This is a tough travel journal entry to write because, although we loved our time on a floating island of Lake Titicaca, our time in the area ended very badly.
We flew from Lima to Juliaca (near Lake Titicaca) last Tuesday morning. We arrived at the small airport in Juliaca and met the driver that our host, Carlos from Uros Lake Titicaca Lodge, had sent to pick us up. It took about 45 minutes of driving to get us into the city of Puno, on the lake. There, at Carlos’ instruction, the driver waited while we grabbed lunch from a cafe in town. The food at La Receta was delicious and hearty and the service was friendly. Daisy was still recovering from being ill, so she ordered a potato soup. I had a pesto chicken panini, Mic ordered a veggie burger, and Jon ordered a hummus plate. As usual, we drank limonadas and Coca Cola with our lunch. We wanted to walk to the train station to print our rail tickets for Saturday, but we did not know how far it was and we didn’t want to keep the driver waiting too long. So, after lunch, we walked back to the waiting driver. We quickly realized that the altitude (12,560 feet) would have an effect on us. When we got to the shuttle, we all felt out of breath and headachy and eager to get to our lodging.
The driver took us to a small boat launch area just outside of town. There, our host, Carlos, was waiting for us in his small motor boat. Carlos was quiet, but kind, and he spoke fairly good English. He told us a little about the area as we rode through reeds and past floating islands to the lodge where his family hosts guests.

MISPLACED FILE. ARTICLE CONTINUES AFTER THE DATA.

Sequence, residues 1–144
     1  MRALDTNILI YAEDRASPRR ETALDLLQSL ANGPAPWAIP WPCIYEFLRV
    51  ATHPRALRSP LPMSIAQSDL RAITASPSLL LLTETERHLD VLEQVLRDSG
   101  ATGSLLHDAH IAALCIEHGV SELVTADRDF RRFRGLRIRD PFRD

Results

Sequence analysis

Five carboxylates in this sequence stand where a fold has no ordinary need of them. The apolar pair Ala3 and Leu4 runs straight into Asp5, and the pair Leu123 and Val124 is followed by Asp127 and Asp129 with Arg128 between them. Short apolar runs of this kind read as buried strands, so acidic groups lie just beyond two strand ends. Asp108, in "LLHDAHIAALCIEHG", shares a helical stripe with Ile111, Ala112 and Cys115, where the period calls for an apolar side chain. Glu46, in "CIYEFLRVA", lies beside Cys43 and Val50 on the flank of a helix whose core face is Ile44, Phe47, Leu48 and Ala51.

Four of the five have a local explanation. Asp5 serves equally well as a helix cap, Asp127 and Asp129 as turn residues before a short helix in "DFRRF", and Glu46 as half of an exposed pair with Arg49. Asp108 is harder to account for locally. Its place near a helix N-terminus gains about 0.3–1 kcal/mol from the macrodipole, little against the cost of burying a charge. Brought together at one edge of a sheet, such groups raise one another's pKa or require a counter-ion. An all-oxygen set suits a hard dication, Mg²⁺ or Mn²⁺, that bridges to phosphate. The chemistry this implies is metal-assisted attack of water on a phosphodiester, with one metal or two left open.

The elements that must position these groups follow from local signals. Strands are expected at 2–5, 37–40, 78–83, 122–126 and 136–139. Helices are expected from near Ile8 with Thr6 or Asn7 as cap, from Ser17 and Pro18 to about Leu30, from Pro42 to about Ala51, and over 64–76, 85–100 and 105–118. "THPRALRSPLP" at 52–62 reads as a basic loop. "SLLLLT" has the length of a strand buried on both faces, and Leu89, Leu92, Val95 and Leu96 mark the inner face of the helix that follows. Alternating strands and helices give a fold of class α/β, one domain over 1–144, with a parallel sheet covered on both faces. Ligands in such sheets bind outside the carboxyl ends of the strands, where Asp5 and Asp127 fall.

It’s hard to describe the feeling of stepping onto a small island formed completely of thick layers of reeds. The ground was spongy and sloped. There were several small buildings around the perimeter and a small garden and walkways in the center.
Our room was in the first structure adjacent to where Carlos docked the boat, and we climbed a short ladder to open the door. Inside were two full beds covered in colorful woven blankets and pillows. The opposite wall was all windows looking out over the lake. There was also a small sink in a corner next to an enclosed bathroom which held a pit style toilet and a shower. Carlos explained that the toilet was used for compost and we would simply cover our business with a few scoopfuls of sandy dirt conveniently located right next to the toilet. Not my favorite part of the lodge, but we could all handle it.
The patio overlooking the lake was lovely, though the sloped angle of the whole structure made me envision us sliding right off the reeds into the water! We were all so tired that we just periodically napped for a couple hours. The napping was interspersed with moments of sitting out on our little patio and admiring the view. Though Daisy had not been feeling great, she became quite lively when we pointed out the little kitten on the patio. For the rest of our stay, she was almost obsessed with that cat.
A homemade dinner was served in a communal dining area around 8:00 at night. For less than $7 each, we all enjoyed the quinoa and vegetable soup, chicken, rice, and fried potatoes. Jon and the girls drank tons of tea with sugar, and we all just sat and absorbed the unique experience of being on the rustic floating island.
Even after our napping, we were ready for bed pretty early. Our host brought us hot water bottles for our beds, and this became one of our favorite parts of every evening. Snuggling up under piles of blankets each night with a hot water bottle warming our feet, while the water lapped outside, lightening flashed in a distance, and rain fell on the roof was absolutely awesome!